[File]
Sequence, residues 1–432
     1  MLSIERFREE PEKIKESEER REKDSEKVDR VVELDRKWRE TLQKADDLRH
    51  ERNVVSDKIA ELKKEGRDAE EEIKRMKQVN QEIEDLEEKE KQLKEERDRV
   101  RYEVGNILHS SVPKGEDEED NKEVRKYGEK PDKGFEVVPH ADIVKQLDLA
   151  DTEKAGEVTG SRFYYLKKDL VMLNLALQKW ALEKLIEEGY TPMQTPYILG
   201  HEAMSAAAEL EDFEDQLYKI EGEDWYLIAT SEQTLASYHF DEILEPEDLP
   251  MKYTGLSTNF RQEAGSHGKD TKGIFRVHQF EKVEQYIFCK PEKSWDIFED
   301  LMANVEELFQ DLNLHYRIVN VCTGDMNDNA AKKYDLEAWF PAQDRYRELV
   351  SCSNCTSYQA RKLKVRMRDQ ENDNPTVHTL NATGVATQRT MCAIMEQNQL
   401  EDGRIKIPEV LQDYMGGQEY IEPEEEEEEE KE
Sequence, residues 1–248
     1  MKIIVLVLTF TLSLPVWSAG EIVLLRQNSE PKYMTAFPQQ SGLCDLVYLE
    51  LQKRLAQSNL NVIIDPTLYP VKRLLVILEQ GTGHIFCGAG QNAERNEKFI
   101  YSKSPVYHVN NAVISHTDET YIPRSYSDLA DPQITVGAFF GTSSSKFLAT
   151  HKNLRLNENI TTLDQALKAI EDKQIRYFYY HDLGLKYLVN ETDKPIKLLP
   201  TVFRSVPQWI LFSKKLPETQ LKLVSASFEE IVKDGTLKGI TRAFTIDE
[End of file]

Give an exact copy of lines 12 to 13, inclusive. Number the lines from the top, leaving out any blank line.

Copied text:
     1  MKIIVLVLTF TLSLPVWSAG EIVLLRQNSE PKYMTAFPQQ SGLCDLVYLE
    51  LQKRLAQSNL NVIIDPTLYP VKRLLVILEQ GTGHIFCGAG QNAERNEKFI